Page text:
This by far is the greatest strength of mobile OS like android is the way it is sandboxed to keep infections from spreading like wildfire and making removal easy and simple. No need for any Symantec nonsense to remove malware, just uninstall and you are clear. Those anti virus companies are just making up crap to get sales, mobile OS like android and I assume iOS are not built like traditional PC OS's thus usual tactics will not work as well. Gotta love mobile, only time will tell how saavy these nerds get to try an infect mobile OS's in the future. Right now most issues are caused by the owner of the phone downloading shady looking apps to begin with. Google is doing something on their end and you should always protect yourself on your end.

14. G2Noobin

Posts: 81; Member since: Dec 17, 2011

im just curious as to how so... good comment it because of linux base???

19. MorePhonesThanNeeded

Posts: 645; Member since: Oct 23, 2011

Android is more or less permission based and you have to grant permission in order for the app to install and run. The permissions are what keeps you safe from apps just running wild and doing whatever with your phone services. Permissions look as if it's hardwired into Android OS so the app must be given permission, so if you didn't agree to it then the app can't use what it was not permitted to. Sandboxing as Google calls it, to play in that box over there, you need permission from the user to be allowed access to it. Unlike PC OS which doesn't tell you exactly what a program is allowed to access, just grants pretty much full access to your sensitive data unbeknownst to you. So if you didn't read what permissions the app you just downloaded needs and allowed it, you're at fault. The end user has to bear some sort of responsibility to what he downloads on his end.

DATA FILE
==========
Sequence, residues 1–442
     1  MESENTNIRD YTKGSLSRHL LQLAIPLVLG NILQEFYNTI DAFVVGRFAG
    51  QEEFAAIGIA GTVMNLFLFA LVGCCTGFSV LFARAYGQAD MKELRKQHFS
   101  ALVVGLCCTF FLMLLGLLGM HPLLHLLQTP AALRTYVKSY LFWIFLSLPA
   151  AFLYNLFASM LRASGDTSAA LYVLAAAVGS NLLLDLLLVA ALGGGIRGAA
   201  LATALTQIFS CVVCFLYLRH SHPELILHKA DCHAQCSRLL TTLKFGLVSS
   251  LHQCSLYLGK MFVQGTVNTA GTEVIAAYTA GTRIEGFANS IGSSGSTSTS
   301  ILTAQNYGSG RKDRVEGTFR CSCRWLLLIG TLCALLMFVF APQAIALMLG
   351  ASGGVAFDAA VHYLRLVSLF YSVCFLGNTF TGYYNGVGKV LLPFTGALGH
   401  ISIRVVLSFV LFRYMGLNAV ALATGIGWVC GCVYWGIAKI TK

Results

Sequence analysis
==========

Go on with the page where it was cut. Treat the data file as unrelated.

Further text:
5. protozeloz

Posts: 5396; Member since: Sep 16, 2010

Exelent! From now on "virus " will become uniformed troll aterial ;) now the "users " that claim virus where the only thing stopping them from trying Android... will you consider it now?

6. gallitoking

Posts: 4721; Member since: May 17, 2011

good job Google you just acknowledge something that most fandroids have ignored or believed it didnt exist...

7. Sniggly

Posts: 7305; Member since: Dec 05, 2009

*gives up and walks away, knowing that nothing I say will have an effect*

9. protozeloz

Posts: 5396; Member since: Sep 16, 2010


12. Giggity

Posts: 147; Member since: Nov 17, 2011

PA really need a bouncer for the likes of you and Miz

18. ledbetterp3

Posts: 467; Member since: Aug 31, 2011

Actually, I thought the problem was a lot worse than it is.

20. atheisticemetic

Posts: 377; Member since: Dec 18, 2011

trollolololololololol you're right tho apple doesnt need malware on their apps, they just need to submit $1000 dollar "gem apps" (that do nothing) that apple users will be stupid enough to buy nice try tho

8. Sniggly

Posts: 7305; Member since: Dec 05, 2009

Aaaannnnddd.... once again, when people advocate that Google takes steps to improve an aspect of its business, what does Google do? It listens and does so. This service sounds exactly like what I wanted Google to implement on Android market.

10. protozeloz

Posts: 5396; Member since: Sep 16, 2010

It could be better tho but glad they are using a method to make the market even more safe. Now even more enterprise might be interested in Android since the market is even more safe.

11. Whateverman

Posts: 3295; Member since: May 17, 2009


15. remixfa

Posts: 14605; Member since: Dec 19, 2008

And all without an overlord curating the market or arbitrary rules

16. XiphiasGladius

Posts: 813; Member since: Aug 21, 2011

Yeah It feels good knowing no one is treating you like a kindergarten on a boot camp.

21. solidsnakeduds013

Posts: 221; Member since: Oct 20, 2010

you know whats so funny. I have been reading the comments on the first page and i didn't see not one thumbs down. Make this be an article about Apple and a sea of negative comments would be there. BTW im a fanboy of both IOS and android

22. Paden

Posts: 262; Member since: Jul 07, 2011

Happy to see Google beefing up security! Smart move.

Latest Stories

This copy is for your personal, non-commercial use only. You can order presentation-ready copies for distribution to your colleagues, clients or customers at or use the Reprints & Permissions tool that appears at the bottom of each web page. Visit for samples and additional information.